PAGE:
City's not betting on casino revenue increase

City's not betting on casino revenue increase
Posted at 12:00 PM, May 28, 2016

Will Cincinnati’s Downtown casino become a growing source of tax revenue for the city?

The city administration is hedging its bets, but the casino’s new operator believes there’s reason to believe a hot streak is right around the corner.

Blaming an “oversaturated and underperforming” gaming industry, City Manager Harry Black projected in a May 4 report to the mayor and city council that instead of growing by 7.5 percent as projected in the approved 2016-17 biennial budget, casino tax revenues collected by the city will remain flat at about $8 million in FY 2016. Black’s budget update proposal for FY 2017 includes another projection of about $8 million, about $900,000 less than originally projected in the biennial budget. 

Casino revenues are the city general fund’s fourth-largest source of revenue, accounting for about 2 percent of general fund dollars. Overall, the city is still projecting an end-of-year surplus, thanks to largely favorable variances in income tax, EMS runs and investment income revenue projections.

Is the Gaming Industry Underperforming?

The Ohio gaming industry isn’t oversaturated; nor is it underperforming, said Alan Silver, an Ohio University hospitality professor and casino expert. But growth at the state’s casinos may be hampered by more rapid growth at its "racinos," most of which opened after Ohio’s four casinos were already open.

Racino revenue has increased by about $8 million over the last year, while casino revenue has increased by about $4 million over that same span.

“That tells me when you look at the numbers that you’re still in a growth stage,” Silver said. Gambling is now about a $1.8 billion industry in Ohio, and Silver predicted it will eventually reach $2 billion.

Though the state industry may not be saturated, the local market looks a little crowded. Cincinnati’s Horseshoe Casino competes directly with Indiana casinos in Lawrenceburg and Rising Sun, Belterra Park Entertainment and Gaming Center in Anderson Township, and Miami Valley Gaming in Warren County. Additionally, Hollywood Gaming at Dayton Raceway in Dayton is less than an hour away.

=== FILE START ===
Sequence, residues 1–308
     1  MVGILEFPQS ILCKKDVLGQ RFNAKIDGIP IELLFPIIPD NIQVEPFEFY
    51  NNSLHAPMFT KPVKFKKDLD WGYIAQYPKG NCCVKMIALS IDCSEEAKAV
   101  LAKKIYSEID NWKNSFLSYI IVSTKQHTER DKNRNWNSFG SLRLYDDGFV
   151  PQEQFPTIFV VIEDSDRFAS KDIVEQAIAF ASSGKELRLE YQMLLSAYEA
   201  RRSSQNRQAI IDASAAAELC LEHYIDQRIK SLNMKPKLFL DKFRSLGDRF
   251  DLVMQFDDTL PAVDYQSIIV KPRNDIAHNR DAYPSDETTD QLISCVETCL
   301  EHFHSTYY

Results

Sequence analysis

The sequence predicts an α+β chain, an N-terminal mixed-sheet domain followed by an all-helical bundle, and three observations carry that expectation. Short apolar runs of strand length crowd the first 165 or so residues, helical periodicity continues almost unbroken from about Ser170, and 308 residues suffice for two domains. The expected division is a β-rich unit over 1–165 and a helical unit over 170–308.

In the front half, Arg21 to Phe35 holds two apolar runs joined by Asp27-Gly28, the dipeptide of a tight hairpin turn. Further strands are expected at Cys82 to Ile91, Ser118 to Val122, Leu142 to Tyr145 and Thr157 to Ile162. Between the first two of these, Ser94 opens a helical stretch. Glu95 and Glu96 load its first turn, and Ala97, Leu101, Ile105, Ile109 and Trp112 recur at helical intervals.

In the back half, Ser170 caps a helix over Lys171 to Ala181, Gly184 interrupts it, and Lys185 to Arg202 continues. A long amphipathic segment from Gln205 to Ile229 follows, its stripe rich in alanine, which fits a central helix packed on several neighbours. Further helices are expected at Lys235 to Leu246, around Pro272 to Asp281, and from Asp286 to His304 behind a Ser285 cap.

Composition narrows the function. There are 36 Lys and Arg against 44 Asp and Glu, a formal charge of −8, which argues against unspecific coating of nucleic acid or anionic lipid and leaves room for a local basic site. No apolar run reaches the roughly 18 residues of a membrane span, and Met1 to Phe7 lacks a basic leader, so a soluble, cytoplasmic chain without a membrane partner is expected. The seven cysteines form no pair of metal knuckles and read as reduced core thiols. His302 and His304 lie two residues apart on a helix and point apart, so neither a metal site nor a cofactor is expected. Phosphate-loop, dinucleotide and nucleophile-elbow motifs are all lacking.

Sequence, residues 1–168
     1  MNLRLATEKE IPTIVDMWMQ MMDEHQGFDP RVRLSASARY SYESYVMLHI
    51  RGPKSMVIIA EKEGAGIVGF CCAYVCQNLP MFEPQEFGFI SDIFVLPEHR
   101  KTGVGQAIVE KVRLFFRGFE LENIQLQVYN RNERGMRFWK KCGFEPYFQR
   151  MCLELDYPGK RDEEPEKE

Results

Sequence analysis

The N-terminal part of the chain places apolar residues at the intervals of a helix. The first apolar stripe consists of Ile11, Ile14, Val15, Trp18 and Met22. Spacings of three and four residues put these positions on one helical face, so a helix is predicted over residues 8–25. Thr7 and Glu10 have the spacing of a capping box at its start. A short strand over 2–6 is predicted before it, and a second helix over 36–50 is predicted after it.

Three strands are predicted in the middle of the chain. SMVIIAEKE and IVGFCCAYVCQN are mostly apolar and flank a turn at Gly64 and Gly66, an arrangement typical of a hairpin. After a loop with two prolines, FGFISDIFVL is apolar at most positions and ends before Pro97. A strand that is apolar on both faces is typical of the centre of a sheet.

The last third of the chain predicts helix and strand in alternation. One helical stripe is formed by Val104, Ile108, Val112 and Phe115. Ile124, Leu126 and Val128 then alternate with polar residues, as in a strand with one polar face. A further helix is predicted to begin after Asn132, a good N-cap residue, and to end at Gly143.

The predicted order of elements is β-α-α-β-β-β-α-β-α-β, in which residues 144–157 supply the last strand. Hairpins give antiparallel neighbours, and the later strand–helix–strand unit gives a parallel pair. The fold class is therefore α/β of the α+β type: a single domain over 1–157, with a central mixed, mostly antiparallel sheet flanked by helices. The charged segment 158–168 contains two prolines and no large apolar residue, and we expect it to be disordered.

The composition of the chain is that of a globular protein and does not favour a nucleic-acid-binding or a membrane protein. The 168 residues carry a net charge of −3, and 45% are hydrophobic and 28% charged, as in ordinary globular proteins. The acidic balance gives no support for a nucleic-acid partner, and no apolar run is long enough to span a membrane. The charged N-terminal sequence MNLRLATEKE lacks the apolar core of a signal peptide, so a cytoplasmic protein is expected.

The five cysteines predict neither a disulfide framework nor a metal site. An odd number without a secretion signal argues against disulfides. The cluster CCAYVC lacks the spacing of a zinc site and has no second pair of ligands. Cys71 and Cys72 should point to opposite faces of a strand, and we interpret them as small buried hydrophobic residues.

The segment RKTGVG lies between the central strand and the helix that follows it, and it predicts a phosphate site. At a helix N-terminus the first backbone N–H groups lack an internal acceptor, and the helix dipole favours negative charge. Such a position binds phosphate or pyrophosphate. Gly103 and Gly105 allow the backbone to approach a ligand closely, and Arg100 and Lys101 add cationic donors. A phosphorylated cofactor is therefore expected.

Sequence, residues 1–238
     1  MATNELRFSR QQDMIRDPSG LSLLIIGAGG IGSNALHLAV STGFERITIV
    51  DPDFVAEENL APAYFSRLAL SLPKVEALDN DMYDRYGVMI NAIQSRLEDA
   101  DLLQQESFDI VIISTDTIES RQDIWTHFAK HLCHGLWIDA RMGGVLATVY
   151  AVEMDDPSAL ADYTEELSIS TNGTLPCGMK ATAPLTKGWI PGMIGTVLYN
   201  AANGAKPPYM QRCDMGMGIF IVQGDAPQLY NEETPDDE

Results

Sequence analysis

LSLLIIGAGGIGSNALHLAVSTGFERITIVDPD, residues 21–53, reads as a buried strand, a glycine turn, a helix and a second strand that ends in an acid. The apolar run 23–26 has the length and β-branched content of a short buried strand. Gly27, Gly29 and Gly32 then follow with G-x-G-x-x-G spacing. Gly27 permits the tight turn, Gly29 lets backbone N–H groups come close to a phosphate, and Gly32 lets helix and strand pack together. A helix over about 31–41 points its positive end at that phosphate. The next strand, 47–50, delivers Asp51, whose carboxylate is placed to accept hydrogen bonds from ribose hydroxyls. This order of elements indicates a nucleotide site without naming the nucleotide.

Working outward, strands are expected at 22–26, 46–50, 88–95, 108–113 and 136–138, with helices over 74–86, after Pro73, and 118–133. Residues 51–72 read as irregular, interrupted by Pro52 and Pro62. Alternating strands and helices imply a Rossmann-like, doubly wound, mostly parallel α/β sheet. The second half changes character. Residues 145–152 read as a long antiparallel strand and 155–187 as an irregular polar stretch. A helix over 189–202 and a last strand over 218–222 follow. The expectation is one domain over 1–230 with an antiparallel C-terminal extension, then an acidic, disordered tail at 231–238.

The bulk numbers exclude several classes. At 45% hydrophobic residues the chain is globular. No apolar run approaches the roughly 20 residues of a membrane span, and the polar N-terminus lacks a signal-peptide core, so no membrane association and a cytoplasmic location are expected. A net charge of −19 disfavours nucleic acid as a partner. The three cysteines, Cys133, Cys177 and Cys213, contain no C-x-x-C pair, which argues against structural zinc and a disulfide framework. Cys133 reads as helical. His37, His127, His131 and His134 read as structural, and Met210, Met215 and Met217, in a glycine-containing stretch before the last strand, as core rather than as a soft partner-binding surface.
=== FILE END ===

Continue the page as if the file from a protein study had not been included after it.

Racinos are more likely to attract business from the suburbs that might otherwise go to Horseshoe, Silver said.

New Name, New Faces

Cincinnati’s Horseshoe Casino has already begun the process of rebranding as Jack Casino Cincinnati, a process expected to be completed by early June. Jack Entertainment — which took over operations of its Ohio casinos from Caesar’s Entertainment in November — still expects revenues at the Cincinnati casino to increase in FY 2016. It has seen year-over-year increases in the last two reported quarters, said Gayle Joseph, vice president of communications for Jack Entertainment.

“Jack Entertainment is doing more than rebranding our Cincinnati casino,” Joseph said. “We are taking over operational responsibility for the property. With this important transition, we have added talented and experienced new leaders, and are introducing process improvements and property enhancements which we expect will have a significant positive impact on our guest and our team member experiences, as well as on revenues.”

Silver’s not in love with the brand, though. After all, the Horseshoe name is steeped in the history of Las Vegas’ early days, when casino mogul Benny Binion would attract high rollers by allowing million-dollar bets at the original Binion’s Horseshoe Casino.

“It’s a hard rebranding situation when you’ve got this famous name that has a lot of history to it, and you’re switching to this new brand that doesn’t have the oomph,” Silver said.

Silver predicted a short-term bump in business at the casino after the rebranding is complete and players check out the new amenities and players club deals.

Losing the Horseshoe brand assures that the Cincinnati casino will never again attract a World Series of Poker Circuit event, which is a Caesar’s Entertainment brand. But that may well have happened anyway; after all, the casino lost the chance to host a World Series of Poker Circuit event in March 2015 after the Ohio Casino Control Commission determined that the casino had failed to comply with surveillance-equipment requirements.

Nonetheless, promised Joseph, “Jack Entertainment’s loyal poker guests can expect optimal experiences following the property’s transition to Jack Cincinnati Casino, including the opportunity to participate in the region’s most exciting and competitive poker games and tournaments.”